I realize from time to time, our relationship can be rocky. Sometimes I take you for granted, and I push a little too hard.  It’s obvious you don’t like it because you go away for a few weeks. For all the times I have mistreated you, I am sorry. But we are in this relationship together, and I am always learning how to make us work best. And isn’t that how any good relationship works? We stick together through the good and the bad.

Today you reminded me of why I love you so much. After being apart for two weeks, our 14 miler was just like old times. Nothing makes me feel freer, more like myself, or happier than finding our stride and effortlessly running the streets of Raleigh. Because of you, I believe in the power I have to do amazing things. You have given me the strength and the confidence to take on this thing we call life. Thank you.

As the years go by, I know our relationship will change. Things will happen and we might not be able to spend so much time together. That’s okay because I know you’ll always be there. And we may not be able to set the PRs that we did in our younger years, but our relationship will be on a different level. A more mature level. I look forward to growing old with you.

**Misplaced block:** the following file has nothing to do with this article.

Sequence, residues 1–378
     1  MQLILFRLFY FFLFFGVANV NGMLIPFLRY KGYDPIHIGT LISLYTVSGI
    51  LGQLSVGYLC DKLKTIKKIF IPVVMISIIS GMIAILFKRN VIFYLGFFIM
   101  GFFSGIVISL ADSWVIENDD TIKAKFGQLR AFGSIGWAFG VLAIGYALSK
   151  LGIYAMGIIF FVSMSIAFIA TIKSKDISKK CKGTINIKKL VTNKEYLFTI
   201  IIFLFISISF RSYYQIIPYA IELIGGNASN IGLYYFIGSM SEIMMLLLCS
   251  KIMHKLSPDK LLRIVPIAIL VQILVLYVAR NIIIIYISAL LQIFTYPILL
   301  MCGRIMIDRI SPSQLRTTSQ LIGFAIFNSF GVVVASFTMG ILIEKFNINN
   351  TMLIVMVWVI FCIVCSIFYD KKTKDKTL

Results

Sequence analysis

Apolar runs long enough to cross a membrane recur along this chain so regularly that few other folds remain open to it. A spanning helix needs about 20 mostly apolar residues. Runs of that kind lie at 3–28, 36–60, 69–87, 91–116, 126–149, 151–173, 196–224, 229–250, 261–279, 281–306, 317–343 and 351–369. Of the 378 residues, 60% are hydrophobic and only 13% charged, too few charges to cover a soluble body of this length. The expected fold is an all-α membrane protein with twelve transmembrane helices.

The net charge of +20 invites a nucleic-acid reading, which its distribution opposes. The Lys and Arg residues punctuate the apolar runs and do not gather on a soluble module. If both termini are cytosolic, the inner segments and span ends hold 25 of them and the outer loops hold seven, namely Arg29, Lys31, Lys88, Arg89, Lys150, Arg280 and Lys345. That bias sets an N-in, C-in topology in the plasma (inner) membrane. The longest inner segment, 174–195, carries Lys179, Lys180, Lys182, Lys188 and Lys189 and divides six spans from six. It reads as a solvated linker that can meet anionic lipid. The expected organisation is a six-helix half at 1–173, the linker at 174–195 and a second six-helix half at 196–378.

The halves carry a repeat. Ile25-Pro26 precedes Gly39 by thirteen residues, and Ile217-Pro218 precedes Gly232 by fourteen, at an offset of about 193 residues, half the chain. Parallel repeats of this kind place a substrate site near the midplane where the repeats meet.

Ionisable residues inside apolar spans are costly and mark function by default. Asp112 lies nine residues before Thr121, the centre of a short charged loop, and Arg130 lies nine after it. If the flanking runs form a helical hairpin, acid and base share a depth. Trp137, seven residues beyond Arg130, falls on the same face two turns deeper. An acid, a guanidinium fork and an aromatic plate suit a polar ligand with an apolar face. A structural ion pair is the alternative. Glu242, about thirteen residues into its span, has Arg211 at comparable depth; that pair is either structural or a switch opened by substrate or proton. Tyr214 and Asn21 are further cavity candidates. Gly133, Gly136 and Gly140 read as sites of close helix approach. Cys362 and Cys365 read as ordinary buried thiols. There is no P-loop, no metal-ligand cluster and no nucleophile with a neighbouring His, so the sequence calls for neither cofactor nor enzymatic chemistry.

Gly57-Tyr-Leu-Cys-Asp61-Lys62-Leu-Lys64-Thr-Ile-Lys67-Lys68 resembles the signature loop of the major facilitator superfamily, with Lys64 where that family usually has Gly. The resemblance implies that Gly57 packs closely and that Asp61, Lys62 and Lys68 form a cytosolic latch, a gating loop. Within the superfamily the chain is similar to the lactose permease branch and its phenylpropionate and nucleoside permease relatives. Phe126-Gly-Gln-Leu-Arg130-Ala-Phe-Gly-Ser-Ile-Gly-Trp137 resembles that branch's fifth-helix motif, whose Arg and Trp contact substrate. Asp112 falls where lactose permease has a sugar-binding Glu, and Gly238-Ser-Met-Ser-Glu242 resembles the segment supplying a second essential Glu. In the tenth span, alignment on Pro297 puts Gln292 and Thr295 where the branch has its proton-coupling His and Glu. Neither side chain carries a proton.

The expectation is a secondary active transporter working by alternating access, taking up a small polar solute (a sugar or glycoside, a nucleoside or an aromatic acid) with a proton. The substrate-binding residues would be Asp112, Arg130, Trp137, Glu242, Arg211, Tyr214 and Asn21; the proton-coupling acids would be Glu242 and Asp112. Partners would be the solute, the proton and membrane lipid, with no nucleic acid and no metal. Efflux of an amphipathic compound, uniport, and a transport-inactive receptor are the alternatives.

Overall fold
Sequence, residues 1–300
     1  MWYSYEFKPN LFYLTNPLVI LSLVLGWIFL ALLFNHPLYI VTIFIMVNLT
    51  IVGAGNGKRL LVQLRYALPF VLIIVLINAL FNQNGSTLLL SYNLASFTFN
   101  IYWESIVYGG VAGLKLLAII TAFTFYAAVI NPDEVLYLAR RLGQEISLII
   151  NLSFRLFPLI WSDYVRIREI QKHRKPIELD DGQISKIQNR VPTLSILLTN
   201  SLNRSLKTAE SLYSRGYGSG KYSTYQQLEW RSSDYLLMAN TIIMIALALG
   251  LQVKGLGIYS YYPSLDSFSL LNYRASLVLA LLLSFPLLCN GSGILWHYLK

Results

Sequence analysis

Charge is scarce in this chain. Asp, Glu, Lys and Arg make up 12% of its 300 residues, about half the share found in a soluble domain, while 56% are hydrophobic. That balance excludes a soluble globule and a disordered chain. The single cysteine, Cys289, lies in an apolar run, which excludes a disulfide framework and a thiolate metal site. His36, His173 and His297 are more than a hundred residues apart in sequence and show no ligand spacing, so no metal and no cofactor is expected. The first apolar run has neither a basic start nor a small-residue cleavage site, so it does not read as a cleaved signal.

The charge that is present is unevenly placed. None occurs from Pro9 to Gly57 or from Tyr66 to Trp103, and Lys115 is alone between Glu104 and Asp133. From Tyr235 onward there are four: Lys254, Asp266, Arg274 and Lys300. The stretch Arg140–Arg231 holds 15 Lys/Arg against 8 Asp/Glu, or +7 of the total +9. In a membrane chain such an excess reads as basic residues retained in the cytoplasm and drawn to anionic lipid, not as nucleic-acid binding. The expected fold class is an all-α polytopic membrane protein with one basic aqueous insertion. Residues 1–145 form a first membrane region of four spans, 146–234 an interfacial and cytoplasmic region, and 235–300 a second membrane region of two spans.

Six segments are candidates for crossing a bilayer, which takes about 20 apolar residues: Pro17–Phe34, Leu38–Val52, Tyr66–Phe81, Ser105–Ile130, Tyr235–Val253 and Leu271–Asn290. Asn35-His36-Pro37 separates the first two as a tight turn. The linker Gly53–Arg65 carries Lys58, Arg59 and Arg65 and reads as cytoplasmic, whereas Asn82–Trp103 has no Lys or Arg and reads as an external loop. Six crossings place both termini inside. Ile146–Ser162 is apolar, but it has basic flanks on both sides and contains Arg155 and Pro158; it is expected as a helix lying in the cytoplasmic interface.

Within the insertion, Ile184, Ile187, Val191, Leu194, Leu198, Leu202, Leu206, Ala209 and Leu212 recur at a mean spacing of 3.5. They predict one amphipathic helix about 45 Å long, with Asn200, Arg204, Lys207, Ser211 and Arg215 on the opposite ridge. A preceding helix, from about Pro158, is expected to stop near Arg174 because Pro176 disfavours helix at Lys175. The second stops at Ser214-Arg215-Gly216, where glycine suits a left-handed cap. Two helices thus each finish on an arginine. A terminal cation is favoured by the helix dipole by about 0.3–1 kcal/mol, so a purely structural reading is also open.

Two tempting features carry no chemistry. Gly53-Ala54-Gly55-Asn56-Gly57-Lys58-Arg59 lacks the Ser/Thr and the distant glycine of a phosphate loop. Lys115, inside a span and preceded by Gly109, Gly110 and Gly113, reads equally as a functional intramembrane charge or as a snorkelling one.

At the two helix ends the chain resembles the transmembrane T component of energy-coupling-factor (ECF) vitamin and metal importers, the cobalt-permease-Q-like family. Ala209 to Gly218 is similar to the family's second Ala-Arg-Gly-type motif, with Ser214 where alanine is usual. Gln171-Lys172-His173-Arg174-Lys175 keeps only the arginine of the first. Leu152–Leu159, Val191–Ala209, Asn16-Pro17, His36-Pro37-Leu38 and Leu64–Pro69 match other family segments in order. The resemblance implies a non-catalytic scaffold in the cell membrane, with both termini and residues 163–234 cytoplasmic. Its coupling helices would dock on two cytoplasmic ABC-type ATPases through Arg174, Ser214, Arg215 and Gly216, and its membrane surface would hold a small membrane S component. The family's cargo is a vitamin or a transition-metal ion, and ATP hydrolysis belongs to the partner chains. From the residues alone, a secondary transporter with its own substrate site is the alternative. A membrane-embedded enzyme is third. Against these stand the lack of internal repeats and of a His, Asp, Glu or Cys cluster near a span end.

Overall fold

I have only known you for 11 years and they have been the best 11 years of my life. You helped me to realize who I am as a person and taught me a thing or two about life. For that, I am forever grateful. I’m looking forward to our next 50+ years together. Together, we will be amazing,

Much Love,



After 2 1/2 weeks of no running, I was happy with this. I got in a few miles at 7:00 and a few at 6:53. It was a BEAUTIFUL day here in Raleigh!!


Next week is my last 22 miler before race day. Fingers crossed I can stay healthy!

Happy Trails and Happy Running,


Long Run Pace

Long run pace is something I always struggle with.  According to my goal marathon time, I should be doing my long runs anywhere from 8:37 to 9:44 min/mile.  The last time I ran a long run at 8:37 was the 11 miler I did the day after the 5 mile race that I won. 🙂 Other than that, I’m always running faster and I know I need to slow down.  Mentally though, I find it very difficult to slow down that much.